A report broadcast on CtiTV’s news channel (中天新聞台) has been slammed for alleging that American Institute in Taiwan (AIT) Chairman Raymond Burghardt hinted that the Democratic Progressive Party (DPP) and Beijing are working together on a “formula” for the development of cross-strait relations.
The report, that was aired on Tuesday, showed Burghardt delivering a luncheon speech at a public conference entitled “Relations Across the Taiwan Strait: retrospectives and prospects for future development,” which was hosted on Monday by the Brookings Institution in Washington.
In the report, CtiTV’s Washington correspondent John Zang (臧國華) said that Burghardt had “insinuated that discussions between the DPP and Beijing are under way over a framework on which both sides could agree to base dialogue on and conduct exchanges.”
Zang’s voiceover was then followed by a clip of Burghardt saying: “We know that a lot has been going on and we will see whether something is found. But the important thing is for both sides to show flexibility and creativity.”
The CtiTV report concluded that it would be in the interests of the US if the DPP and Beijing can agree on a framework for ties.
DPP Legislator Tuan Yi-kang (段宜康) yesterday satirized the report on Facebook saying that the news channel might as well change its name to the “CtiTV drama channel.”
Tuan made the criticism based on an article published on the blog Taiwan Fugue (台灣賦格) in which the author — who had apparently checked the recording of Burghardt’s speech on the Brookings Institution Web site — accused Zang of “making up a narrative,” and “taking Burghardt’s words out of context.”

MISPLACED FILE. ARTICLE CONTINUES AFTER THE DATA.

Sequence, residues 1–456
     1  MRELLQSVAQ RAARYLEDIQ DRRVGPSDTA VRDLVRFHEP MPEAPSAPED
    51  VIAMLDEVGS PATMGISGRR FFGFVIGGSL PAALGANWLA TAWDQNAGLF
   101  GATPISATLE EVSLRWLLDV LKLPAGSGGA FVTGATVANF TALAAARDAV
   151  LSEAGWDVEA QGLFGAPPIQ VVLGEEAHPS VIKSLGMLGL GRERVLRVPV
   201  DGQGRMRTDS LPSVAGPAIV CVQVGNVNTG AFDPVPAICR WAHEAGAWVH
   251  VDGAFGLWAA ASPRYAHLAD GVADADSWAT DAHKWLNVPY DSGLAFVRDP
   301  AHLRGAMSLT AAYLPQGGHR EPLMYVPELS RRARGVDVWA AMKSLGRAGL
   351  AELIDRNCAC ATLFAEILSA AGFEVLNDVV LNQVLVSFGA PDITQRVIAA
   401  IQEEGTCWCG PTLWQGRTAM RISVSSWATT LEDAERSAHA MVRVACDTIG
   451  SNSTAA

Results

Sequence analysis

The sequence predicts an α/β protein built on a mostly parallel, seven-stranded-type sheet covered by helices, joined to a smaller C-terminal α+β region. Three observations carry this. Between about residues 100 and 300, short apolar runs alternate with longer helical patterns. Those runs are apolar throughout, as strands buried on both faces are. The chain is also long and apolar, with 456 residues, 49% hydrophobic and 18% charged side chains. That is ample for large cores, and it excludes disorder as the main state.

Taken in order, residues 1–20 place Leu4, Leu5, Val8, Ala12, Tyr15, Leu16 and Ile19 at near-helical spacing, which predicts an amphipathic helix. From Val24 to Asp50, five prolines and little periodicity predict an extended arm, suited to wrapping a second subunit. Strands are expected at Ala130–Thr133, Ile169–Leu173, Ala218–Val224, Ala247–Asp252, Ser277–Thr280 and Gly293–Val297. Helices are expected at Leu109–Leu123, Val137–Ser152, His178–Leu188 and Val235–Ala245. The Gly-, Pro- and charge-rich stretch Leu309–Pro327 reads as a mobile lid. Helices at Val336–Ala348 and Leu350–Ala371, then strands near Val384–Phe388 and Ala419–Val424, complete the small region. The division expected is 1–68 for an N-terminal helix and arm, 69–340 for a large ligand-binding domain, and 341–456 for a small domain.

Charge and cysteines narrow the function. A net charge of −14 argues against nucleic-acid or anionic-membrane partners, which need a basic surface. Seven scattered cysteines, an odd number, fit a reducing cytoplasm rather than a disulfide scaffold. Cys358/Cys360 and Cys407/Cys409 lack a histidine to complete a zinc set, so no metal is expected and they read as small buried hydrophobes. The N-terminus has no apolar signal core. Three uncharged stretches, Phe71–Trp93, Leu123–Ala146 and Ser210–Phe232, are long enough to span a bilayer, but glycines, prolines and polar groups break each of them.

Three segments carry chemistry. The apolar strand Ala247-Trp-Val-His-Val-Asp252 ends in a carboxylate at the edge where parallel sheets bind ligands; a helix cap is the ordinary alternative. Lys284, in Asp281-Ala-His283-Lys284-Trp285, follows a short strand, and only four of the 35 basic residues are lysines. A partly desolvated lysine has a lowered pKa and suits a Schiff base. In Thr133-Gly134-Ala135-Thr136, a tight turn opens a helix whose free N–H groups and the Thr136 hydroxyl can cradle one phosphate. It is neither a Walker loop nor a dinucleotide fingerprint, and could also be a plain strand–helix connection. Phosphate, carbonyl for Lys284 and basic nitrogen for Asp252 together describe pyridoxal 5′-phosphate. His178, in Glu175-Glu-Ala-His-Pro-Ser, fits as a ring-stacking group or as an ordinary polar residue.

According to the recording of the public conference, Zang, in an excerpt from a question he put to Berghardt, said: “...but the Chinese government has made it very clear that they need something, a formula, which may not be called ‘1992 consensus’ to continue current exchanges and dialogues...”
“Does the US agree with that? Will the US support the DPP or [DPP] Chairwoman Tsai [Ing-wen (蔡英文)] in their pursuits of cross-strait relations on the basis of whatever formula that both sides, or the three sides, can agree to?” Zang then asked.
In answering Zang’s question, Burghardt first reiterated his earlier remarks that ties across the Taiwan Strait must proceed in a way that is acceptable to both sides and that there is no reason for a US position on the best framework for cross-strait relations.
“First of all, there isn’t a third, I am not sure what your three sides are, but, again, the US has never sort of blessed a particular formula for cross-strait relations. I think the furthest we have ever gone is to say [that] it’s nice that something is working. We encourage [not only] Taiwan, in this case, the DPP to also use flexibility and creativity, but also Beijing,” he said.
“One other thing, one of my old bosses [former US ambassador to China] Winston Lord used to often say Americans aren’t smart enough to mediate between Chinese. I guess George Marshall proved that. So I think that’s as true today as it was in 1947... We know that a lot has been going on and we will see whether something is found. But the important thing is for each side to show flexibility and creativity. I will just leave it with that,” he said.
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